10 Can I opt out of the 48-hour limit?

Most people can sign an agreement as an individual to opt out of the 48-hour limit (and thus lose protection against working long hours). This must be an individual choice. There cannot be a collective or workforce agreement for everyone to sign away their rights. You also have the right to opt back in, at any time.

Your opt-out agreement may contain the notice that is required for you to opt back in again. The longest it can be is 3 months. If there is no limit, then you can regain protection in seven days. If you are given an opt-out form with a 3-month notice period, you may want to suggest that the notice period is shortened.

Note that there is no opt-out from the 48-hour limit on night work, or from any of the other part of the regulations.

In addition, there is no opt-out for HGV and PSV road transport drivers or for inland waterway and lake transport workers. Separate rules apply to seafarers and air cabin crew.


11 Can I opt back into the 48-hour limit?

Yes, you can write to your employer at any time saying that you wish to regain your right to work not more than a 48-hour average week.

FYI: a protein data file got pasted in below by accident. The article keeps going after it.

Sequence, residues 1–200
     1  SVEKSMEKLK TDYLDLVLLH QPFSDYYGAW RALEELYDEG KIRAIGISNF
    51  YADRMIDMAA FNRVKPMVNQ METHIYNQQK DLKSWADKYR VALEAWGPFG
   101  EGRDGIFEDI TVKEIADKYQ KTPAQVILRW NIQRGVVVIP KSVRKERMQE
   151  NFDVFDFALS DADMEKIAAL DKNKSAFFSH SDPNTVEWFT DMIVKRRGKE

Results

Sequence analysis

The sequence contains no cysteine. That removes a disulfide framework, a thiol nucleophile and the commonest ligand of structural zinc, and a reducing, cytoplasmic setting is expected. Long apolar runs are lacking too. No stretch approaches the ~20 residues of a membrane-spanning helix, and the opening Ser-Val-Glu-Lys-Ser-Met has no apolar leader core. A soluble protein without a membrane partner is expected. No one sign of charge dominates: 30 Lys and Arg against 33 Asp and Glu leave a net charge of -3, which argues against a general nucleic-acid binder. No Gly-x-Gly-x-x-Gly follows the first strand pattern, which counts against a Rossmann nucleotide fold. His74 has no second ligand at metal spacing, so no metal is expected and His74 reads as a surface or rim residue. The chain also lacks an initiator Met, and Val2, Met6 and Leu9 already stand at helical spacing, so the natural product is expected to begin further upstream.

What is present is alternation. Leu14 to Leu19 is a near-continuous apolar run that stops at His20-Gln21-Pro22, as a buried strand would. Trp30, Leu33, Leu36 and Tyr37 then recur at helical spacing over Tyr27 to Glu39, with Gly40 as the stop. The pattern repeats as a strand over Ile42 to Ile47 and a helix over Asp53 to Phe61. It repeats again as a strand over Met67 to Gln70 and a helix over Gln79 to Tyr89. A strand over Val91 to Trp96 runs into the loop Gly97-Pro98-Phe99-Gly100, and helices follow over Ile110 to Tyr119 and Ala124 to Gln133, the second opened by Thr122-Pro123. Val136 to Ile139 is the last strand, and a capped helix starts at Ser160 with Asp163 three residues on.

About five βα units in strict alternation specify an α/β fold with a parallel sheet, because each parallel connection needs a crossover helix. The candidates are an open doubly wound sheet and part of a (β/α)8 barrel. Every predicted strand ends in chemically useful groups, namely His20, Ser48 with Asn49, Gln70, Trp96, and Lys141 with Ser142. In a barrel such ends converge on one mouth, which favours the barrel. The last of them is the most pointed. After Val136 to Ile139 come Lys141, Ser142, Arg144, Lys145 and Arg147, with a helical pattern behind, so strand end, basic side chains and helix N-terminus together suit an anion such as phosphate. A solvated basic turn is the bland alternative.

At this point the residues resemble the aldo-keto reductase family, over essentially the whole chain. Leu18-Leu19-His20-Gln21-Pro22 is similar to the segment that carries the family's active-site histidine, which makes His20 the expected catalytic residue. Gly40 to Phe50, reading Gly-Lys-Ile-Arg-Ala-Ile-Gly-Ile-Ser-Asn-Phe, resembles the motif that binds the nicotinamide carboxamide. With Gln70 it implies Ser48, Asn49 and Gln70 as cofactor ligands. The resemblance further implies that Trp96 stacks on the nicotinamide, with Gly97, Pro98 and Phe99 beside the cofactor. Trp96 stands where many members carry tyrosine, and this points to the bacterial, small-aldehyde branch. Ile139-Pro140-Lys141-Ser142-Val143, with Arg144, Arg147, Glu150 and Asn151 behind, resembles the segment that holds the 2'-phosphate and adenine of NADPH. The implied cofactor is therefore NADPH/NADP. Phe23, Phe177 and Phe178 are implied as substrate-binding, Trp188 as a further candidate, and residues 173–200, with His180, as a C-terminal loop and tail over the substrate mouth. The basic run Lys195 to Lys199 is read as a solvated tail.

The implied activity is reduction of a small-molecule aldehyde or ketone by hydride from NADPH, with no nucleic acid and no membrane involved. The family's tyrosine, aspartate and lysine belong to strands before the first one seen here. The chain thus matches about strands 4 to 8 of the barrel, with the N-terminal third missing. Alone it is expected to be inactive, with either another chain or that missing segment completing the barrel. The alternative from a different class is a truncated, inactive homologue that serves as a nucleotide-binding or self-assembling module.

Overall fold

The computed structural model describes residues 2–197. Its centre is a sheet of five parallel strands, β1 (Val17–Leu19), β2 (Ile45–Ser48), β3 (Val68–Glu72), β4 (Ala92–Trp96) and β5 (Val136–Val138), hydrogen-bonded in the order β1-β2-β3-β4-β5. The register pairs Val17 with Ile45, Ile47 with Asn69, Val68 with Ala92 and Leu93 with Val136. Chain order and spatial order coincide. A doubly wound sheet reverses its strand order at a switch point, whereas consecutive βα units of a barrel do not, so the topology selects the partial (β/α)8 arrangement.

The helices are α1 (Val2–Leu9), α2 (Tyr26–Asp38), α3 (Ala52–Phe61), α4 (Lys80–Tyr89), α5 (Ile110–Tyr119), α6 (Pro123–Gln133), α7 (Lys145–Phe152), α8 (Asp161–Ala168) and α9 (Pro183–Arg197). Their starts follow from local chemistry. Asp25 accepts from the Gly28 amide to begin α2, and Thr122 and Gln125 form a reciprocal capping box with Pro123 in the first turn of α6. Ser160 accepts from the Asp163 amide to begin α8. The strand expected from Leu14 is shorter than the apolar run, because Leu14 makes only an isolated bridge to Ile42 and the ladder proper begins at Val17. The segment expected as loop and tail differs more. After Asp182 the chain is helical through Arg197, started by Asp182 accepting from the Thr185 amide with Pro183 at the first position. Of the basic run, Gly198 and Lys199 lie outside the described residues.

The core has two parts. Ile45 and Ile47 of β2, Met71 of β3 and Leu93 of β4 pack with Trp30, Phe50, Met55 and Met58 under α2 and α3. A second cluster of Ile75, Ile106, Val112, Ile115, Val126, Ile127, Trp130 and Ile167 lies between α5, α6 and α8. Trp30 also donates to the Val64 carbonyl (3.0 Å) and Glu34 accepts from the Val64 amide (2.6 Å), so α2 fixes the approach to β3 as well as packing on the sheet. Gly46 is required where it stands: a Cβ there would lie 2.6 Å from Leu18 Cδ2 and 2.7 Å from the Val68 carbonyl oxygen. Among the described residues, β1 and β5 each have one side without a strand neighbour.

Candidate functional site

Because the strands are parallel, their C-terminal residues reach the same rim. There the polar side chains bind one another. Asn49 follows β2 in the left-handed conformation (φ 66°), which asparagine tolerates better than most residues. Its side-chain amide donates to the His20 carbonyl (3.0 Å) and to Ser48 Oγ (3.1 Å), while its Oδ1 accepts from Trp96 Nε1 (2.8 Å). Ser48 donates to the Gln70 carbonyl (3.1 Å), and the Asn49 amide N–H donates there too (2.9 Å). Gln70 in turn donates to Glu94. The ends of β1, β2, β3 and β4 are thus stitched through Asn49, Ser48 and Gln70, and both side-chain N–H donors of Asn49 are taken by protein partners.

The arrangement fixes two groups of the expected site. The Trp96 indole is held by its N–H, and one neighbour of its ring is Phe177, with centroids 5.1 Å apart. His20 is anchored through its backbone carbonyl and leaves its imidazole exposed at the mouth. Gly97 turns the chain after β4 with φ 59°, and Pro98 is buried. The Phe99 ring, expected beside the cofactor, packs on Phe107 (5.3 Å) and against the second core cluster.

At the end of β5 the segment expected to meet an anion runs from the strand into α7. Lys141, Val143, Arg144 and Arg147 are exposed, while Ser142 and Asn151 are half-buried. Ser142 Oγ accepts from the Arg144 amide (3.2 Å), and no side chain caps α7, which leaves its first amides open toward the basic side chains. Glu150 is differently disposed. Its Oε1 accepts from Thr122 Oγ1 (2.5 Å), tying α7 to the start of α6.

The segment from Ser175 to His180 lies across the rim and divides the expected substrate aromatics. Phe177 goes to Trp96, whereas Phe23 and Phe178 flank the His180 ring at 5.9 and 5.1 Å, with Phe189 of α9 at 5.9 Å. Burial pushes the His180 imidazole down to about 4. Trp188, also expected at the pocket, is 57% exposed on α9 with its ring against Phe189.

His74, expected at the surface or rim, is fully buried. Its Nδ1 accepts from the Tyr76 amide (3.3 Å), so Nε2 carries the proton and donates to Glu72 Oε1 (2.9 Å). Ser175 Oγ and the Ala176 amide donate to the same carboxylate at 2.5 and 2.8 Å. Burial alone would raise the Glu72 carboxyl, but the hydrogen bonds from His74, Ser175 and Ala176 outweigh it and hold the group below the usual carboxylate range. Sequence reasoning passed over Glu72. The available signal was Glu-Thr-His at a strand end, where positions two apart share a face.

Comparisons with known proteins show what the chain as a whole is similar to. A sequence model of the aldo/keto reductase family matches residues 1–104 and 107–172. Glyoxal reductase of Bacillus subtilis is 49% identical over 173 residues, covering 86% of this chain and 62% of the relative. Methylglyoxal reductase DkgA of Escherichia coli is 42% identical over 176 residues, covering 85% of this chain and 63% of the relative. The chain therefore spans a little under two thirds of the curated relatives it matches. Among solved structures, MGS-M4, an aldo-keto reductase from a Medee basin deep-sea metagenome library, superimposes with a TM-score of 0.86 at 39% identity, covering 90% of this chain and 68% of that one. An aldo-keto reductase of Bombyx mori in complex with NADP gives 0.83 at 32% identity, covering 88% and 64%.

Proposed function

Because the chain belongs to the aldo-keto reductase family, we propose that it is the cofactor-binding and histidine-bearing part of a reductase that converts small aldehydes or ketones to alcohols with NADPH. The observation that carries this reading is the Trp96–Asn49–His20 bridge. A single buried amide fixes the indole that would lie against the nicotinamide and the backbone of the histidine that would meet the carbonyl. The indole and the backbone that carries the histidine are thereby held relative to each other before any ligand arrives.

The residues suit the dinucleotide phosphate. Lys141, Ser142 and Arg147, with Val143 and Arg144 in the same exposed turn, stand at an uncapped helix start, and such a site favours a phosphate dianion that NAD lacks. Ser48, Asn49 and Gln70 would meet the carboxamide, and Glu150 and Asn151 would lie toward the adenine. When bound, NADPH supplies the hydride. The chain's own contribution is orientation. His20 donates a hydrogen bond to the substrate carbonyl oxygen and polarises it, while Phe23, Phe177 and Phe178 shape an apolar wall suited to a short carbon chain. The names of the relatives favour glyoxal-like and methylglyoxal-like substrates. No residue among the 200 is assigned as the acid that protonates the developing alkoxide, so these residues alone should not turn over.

When you signed an opt-out, it may have contained a clause saying how long you would have to wait before the rules applied again, once you had reversed your opt out. This waiting time cannot be more than 3 months.

If your opt-out agreement did not include this kind of clause, then you only have to wait 7 days before working time rules apply again.

12 Can I be made to sign an opt-out?

The law says you must not be forced to sign an opt-out, or treated unfavourably (‘suffer detriment’ if you refuse.

(detriment - a legal term used to describe action taken by your employer against you unfairly, other than sacking you, such as refusing you training because you are in a trade union).

If you are treated unfavourably or even sacked, you can take a case to an employment tribunal. Seek advice from your union or an advice agency.

The law is less helpful if you are asked to sign an opt-out as a condition for starting a job. Strictly speaking this probably should not happen, but there is little in practice you can do about it unless you are in a union.